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Thousands of crores worth contracts give BEL a significant headway

BEL signs two contracts worth Rs Rs 3,102 cr with MoD


Bengaluru headquartered Navratna Defence PSU Bharat Electronics Limited (BEL) has signed two contracts worth Rs. 3,102 crores with the Ministry of Defence (MoD). The MoD and BEL-Bengaluru concluded a contract for supply of the Advanced Electronic Warfare (EW) suite for fighter aircraft of the Indian Air Force. The overall cost of the contract is estimated to be Rs 1,993 Crores. The MoD also signed a contract with BEL-Hyderabad for the Instrumented Electronic Warfare Range (IEWR) for the Indian Air Force. BEL also signed an MoU with the Army Design Bureau of the Indian Army for collaboration in the field of Artificial Intelligence (AI) for Defence applications. All these contracts assume immense significance especially when it comes to making India a self reliant nation in terms of defence production and research. 

As per BEL, the supply of advanced EW systems will significantly enhance the battle-survivability of the IAF fighter aircraft while undertaking operational missions against adversaries’ ground-based as well as airborne fire control and surveillance radars. The EW suite has been indigenously designed and developed by the Defence Research and Development Organisation (DRDO). At the same time the contract regarding the Instrumented Electronic Warfare Range (IEWR) for the Indian Air Force is being termed as a significant step towards enhancing the capabilities of the IAF to prepare for future warfare. The overall cost of the contract is estimated to be Rs. 1,109 crores. The IEWR will be used to test and evaluate airborne Electronic Warfare (EW) equipment and validate their deployment in an operational scenario. 

Similarly the MoU with the Indian Army seeks to bring together the Army, ADB (Army Design Bureau (ADB), and BEL under one roof to jointly carry out research activities for the development of innovative AI solutions for the Indian Army. BEL and ADB will co-develop AI-based projects for the Army. The MoU will be executed in a collaborative manner through a nodal organisation named Artificial Intelligence Incubation Hub (AIIH). The AIIH will be co-chaired by the ADG, ADB, and Director, R&D, BEL, with members from the Indian Army and BEL. The MoU also has the provision to co-opt representatives of academia and industry/start-ups.

Defence experts point out that electronic warfare has been a component of modern conflict and has advanced far beyond jamming radios. They also point out that electronic warfare systems are increasingly capable of sensing, exploiting, and manipulating the electromagnetic spectrum (EMS). 

“EW is becoming a priority and a development focus as a relatively inexpensive and easily implemented means of interrupting the operation of an enemy's radar and other systems, as well as shielding one's own equivalent systems from interference. With so much modern technology relying on the electromagnetic spectrum, the war for electrical superiority is constantly waged on the airwaves. In modern warfare, military personnel heavily rely on the EMS for navigation, positioning, communications, and other capabilities,” pointed out Girish Linganna, a defence and aerospace expert and Director of ADD Engineering Components India Limited.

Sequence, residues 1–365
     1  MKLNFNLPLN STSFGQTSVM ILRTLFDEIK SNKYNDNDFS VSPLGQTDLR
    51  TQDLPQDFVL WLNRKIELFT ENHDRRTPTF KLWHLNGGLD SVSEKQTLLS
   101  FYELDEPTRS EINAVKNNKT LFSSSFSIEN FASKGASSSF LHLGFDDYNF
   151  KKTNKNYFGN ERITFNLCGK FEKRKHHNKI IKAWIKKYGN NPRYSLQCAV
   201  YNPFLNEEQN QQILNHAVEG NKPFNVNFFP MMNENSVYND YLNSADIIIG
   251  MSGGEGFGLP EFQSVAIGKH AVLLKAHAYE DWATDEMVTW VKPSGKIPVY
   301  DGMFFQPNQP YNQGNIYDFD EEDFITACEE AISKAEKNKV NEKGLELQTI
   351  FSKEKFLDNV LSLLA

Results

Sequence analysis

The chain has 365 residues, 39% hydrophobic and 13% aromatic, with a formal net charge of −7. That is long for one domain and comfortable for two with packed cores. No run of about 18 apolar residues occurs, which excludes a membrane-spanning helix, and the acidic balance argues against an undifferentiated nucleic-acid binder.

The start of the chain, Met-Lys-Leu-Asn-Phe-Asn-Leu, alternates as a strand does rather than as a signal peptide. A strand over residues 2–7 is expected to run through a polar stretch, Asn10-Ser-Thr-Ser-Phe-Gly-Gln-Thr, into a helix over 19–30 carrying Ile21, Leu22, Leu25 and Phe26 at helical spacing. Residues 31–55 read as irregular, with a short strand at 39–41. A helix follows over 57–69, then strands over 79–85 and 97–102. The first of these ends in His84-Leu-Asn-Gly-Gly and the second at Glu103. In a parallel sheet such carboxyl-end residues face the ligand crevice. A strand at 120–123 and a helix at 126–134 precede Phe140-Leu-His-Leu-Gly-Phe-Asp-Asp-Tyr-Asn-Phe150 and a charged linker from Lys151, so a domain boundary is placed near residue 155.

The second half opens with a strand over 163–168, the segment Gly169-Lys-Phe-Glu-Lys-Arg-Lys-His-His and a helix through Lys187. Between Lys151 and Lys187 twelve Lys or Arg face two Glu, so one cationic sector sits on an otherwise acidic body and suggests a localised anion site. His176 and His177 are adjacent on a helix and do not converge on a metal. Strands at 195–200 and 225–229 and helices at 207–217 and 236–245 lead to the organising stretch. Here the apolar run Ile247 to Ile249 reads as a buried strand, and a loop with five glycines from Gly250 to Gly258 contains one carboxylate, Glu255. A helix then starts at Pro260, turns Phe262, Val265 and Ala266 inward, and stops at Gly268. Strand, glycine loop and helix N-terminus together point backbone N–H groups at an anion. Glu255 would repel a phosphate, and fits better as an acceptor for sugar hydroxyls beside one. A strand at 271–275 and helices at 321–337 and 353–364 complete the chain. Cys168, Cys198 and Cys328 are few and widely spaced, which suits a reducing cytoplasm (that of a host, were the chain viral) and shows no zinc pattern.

He said that the advanced EW suite is a critical element of modern air combat. These weapon systems provide long or short range, guided, loitering and fire control capabilities, enabling the defence team to secure and protect their airspace and ground-base and in October 2018 India’s state-owned Hindustan Aeronautics Limited (HAL) had struck a deal with Elta Systems, a subsidiary of Israel Aerospace Industries (IAI) for EW suites to be integrated with a few Mark-IA Tejas Light Combat Aircraft (LCA). 

“The IEWR facilities help in testing and evaluating airborne Electronic Warfare (EW) equipment and validate its deployment in an operational situation. The project essentially foregrounds the spirit of Atmanirbhar Bharat and Make in India and will contribute towards fulfilling the journey towards self- reliance,” remarked Linganna.

Defence experts also observe that when it comes to fighting wars, it is not merely the men but the deadly combination of well trained men and most capable machines that places a military in a superior and advantageous position. With the security situation in the India’s neighbourhood continuing to remain highly volatile, uncertain, complex and ambiguous and major military powers in the region investing in the development of sophisticated weapon systems and platforms for improving their operating efficiencies specifically in terms of combat capabilities, it becomes a need of the hour for the Indian armed forces in general and the Indian Army in particular to begin investing in modern technologies such as Artificial Intelligence (AI) to gain an advantageous position over the adversary. 

“While the developments in the past few years in the context of India having been positive with the launch of National Strategy on AI by the elite government owned think tank NITI Aayog, the repercussions did not reach as expected in the context of adoption of AI by the armed forces. The United States, China and Israel have already been demonstrating a number of AI projects for their defence forces at least for a decade with their armed forces launching system design challenges, coordinating with academia and industry for prototypes and even buying foreign platforms. Some interesting projects, systems and technologies include Project Maven which is jointly used by the US Air Force and CIA to comb through footage from uninhabited aerial vehicles and automatically identify the hostile,” added Linganna. 


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